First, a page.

By RICHARD LONG
The simultaneous occurrence of the COVID-19 pandemic and widespread social unrest has underscored how important it is for organizations to have a well-functioning crisis response team. In today’s post, we’ll take a high-altitude look at the best ways to structure, staff, and train such teams.
Structuring the Crisis Response Team
The first task in setting up a crisis response team (also called a crisis management team) is sorting out which departments will be represented on it. As a rule, the team should include at least one person from each of the following departments:
- Impact/Damage Assessment
- Risk Management
- Information Technology
- Human Resources
- Supply Chain
These folks act as advocates for their respective roles, making sure the impacts of the crisis on their area are understood and addressed.
Representatives from other departments (e.g., Marketing, Vendor Management, or someone from a specific remote location) might also be brought in to deal with a particular crisis, if it has a significant impact on their area.
Another extension of the team which may be needed are third-party advisors such as PR firms, data or security firms, law enforcement, or regulatory bodies. Waiting until a crisis to ask for help takes time. Determining who you may needed and having a contact or defined process to include these firms is an important part of the team organization.
I’ll talk about choosing a leader for the team down below.
Choosing the Right People
Not only is it important to have the right departments represented on your crisis response team, it’s important to have a suitable person representing each department.
A suitable person is someone who has a temperament and skillset optimal for working in a stressful, time-pressured situation.
People who are good in a crisis tend to have the following characteristics:
- Are good at solving problems.
- Are able to make quick determinations and decisions based on the information available at the time.
- Are confident but not egotistical.
- Are knowledgeable tactically.
- Are willing to act in the absence of consensus.
- Are calm, level-headed individuals who are not overly sensitive to criticism or debate.
- Are collaborative. Work well with people from other departments.
How to Find Good Crisis Team Members
In many organizations, the senior leadership are the correct and appropriate members of the team. They have both the vision and detailed knowledge of organizational operations and impacts. In large organizations, some of the best crisis management people are the direct reports of the senior leadership team. It may make sense to include them as part of the team, or as part of the extended membership to provide insight as needed. These tend to be knowledgeable, can-do people who are capable of working collaboratively.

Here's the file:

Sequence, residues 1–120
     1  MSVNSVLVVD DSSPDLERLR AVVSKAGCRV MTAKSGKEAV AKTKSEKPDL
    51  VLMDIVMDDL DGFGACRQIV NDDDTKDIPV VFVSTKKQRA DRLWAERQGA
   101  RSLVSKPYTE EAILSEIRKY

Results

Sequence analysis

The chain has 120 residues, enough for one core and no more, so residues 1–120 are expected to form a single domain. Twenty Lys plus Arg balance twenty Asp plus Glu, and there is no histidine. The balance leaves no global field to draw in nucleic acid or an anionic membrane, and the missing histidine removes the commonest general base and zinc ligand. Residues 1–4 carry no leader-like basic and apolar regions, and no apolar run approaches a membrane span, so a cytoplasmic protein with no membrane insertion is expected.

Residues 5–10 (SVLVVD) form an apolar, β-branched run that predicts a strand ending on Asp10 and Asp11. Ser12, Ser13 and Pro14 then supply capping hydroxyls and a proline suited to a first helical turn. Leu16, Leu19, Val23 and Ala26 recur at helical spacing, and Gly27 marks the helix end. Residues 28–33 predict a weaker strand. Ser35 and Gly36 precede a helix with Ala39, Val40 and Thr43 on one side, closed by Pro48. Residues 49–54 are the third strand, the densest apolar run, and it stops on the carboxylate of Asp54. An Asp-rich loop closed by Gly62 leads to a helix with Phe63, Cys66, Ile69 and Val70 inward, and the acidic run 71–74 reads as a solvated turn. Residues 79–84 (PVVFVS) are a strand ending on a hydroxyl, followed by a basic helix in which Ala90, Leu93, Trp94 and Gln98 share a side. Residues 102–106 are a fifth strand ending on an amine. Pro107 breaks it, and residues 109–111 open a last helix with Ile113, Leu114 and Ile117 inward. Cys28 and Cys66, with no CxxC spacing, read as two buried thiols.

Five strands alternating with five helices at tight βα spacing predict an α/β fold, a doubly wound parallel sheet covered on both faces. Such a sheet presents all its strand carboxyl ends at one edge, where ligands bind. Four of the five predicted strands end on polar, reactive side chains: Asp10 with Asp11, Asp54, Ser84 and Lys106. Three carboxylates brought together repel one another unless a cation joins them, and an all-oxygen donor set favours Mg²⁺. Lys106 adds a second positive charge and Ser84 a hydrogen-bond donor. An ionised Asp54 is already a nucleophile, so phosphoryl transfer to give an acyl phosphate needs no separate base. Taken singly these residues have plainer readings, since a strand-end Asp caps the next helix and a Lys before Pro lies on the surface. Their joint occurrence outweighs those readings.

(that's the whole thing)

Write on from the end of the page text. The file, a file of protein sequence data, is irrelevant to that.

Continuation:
Another way of identifying people who would be strong additions to the crisis response team is to keep an eye out for who comes to the forefront during business continuity exercises or in crisis or other stressful situations.
Most people have a sense of who in their department is a level-headed, can-do person capable of working well with others. Ask around and identify these individuals.
Choosing a Team Leader
Everything I said above about the characteristics of a good crisis response team member goes double for the leader. Think of the leader as a facilitator. It may be beneficial for the most senior person to participate so they can take in the information and provide guidance rather than trying to direct the group as the overall thought leader.
The leader needs all of the qualities mentioned previously and should also be supremely competent and highly respected across the organization.
The leadershould not be chosen based on politics or seniority.
For more on choosing a crisis response team leader, see “Choosing a Crisis Management Team Leader” in Chapter 3 of MHA’s free ebook Crisis Management: A Handbook for BCM Professionals.
Compensating for Political Appointments
Nothing undermines the performance of a crisis response team like having people on it who are there based on politics and seniority rather than temperament and skillset.
Try to contain this problem by making a presentation to senior management regarding why it’s important to have competent, suitable people in this critical role. You will probably need to make the case frequently as the team is coming together.